TWENTY YEARS, give or take, before the birth of Christ, the Roman poet Horace lamented, "Our sires' age was worse than our grandsires'. We, their sons, are more worthless than
they; so in our turn we shall give the world a progeny yet more corrupt"—which, after
reading today's story, sounds disturbingly like prophecy . . .
By Tom Purdom (born 1936).
Illustration by Leo Summers (1925-85; HERE).
First appearance: Analog, October 1967.
Reprints page (HERE).
Short story (19 pages).
Online at The Luminist Archives (HERE; slow load; scroll down
to text/PDF page 61).
"The trouble with unlimited education is that knowledge, per se, bears no correlation with judgment."
Suddenly a hostage situation, but not the kind you might expect: "In the yard of the house itself, in front of the main entrance, a boy was sitting on top of a small elephant. Two dragons were sitting on their haunches with their wings raised and a gorilla and two watchtigers were pacing on the grass." And, despite appearances, they're serious: "Back off, Coppy. Beat it. We've got three hostages and we're armed. Don't push us. We aren't playing . . ."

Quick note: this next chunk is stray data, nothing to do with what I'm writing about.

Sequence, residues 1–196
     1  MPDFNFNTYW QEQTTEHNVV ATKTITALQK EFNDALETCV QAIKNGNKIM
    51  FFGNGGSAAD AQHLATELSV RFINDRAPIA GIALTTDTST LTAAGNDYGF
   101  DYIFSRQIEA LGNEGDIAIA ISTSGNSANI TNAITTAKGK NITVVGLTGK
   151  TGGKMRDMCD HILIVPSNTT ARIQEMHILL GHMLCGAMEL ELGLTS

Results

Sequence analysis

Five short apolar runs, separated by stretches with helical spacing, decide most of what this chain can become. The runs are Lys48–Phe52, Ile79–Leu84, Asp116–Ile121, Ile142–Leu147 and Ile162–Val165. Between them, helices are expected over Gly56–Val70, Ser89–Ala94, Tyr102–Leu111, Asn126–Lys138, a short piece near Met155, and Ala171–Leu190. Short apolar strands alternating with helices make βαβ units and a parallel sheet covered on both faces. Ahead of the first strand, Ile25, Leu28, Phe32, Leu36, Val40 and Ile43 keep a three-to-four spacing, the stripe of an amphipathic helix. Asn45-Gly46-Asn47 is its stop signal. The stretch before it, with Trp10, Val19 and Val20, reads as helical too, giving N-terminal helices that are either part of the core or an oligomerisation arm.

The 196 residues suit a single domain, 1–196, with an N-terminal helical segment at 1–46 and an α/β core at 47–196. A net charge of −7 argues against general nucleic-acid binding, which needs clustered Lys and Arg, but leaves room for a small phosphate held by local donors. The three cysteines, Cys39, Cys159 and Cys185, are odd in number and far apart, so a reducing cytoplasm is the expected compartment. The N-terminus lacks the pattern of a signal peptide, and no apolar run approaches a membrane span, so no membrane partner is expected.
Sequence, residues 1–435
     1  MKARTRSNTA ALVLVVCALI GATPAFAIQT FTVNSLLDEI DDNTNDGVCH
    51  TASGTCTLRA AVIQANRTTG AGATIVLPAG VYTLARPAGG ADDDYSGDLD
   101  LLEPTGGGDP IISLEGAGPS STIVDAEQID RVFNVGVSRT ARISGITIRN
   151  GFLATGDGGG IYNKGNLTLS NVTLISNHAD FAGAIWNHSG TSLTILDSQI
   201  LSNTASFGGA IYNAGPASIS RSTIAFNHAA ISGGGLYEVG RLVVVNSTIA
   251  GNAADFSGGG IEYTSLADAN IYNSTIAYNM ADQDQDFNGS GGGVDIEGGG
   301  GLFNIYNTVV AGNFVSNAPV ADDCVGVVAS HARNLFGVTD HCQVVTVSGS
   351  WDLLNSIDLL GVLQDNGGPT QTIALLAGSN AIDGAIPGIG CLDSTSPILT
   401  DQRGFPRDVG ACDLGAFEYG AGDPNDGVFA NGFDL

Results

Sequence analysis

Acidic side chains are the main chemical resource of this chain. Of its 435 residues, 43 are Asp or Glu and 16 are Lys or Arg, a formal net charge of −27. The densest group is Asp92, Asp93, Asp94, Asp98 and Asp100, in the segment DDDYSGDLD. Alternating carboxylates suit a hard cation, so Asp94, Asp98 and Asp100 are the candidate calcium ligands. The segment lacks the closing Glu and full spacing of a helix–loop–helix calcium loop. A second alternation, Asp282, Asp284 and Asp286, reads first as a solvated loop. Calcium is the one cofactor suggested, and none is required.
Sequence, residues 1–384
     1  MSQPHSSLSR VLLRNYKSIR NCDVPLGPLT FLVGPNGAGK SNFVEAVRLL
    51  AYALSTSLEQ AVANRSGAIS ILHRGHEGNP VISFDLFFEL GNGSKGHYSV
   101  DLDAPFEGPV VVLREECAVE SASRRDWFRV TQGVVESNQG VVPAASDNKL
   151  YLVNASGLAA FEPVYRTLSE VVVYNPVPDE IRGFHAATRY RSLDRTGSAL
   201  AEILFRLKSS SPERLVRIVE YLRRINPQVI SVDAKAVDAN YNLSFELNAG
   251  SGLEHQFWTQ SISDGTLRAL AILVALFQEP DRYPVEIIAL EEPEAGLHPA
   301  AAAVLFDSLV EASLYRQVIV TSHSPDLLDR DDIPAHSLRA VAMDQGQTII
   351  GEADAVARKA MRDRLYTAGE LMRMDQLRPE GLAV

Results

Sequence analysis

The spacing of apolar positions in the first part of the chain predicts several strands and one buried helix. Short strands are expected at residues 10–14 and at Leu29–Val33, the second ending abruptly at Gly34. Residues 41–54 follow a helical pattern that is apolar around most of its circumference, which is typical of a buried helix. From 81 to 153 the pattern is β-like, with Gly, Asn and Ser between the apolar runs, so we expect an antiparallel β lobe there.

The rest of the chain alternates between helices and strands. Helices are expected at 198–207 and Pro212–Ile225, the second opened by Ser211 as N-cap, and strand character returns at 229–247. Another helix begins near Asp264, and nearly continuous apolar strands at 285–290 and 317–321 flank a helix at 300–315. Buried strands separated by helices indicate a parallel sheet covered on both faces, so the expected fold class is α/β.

~ The dispatcher:
"The reports are coming in now. Ten to twelve children have taken the Rice family hostage."
~ Charley Edelman:
"The genetic engineers had turned lizards into dragons, but they hadn't turned Charley Edelman into St. George."
~ Helen Fracarro:
". . . a girl whose soft, romantic face would have made a Spanish cavalier howl with frustration . . ."
~ Tim Rice:
"We've been planning this thing for months."
- Thomas Edward Purdom has been publishing SFF since the fifties; there's plenty of info at Wikipedia (HERE), the SFE (HERE), his own webpage (HERE), and the concise bibliography
at the ISFDb (HERE).
The bottom line: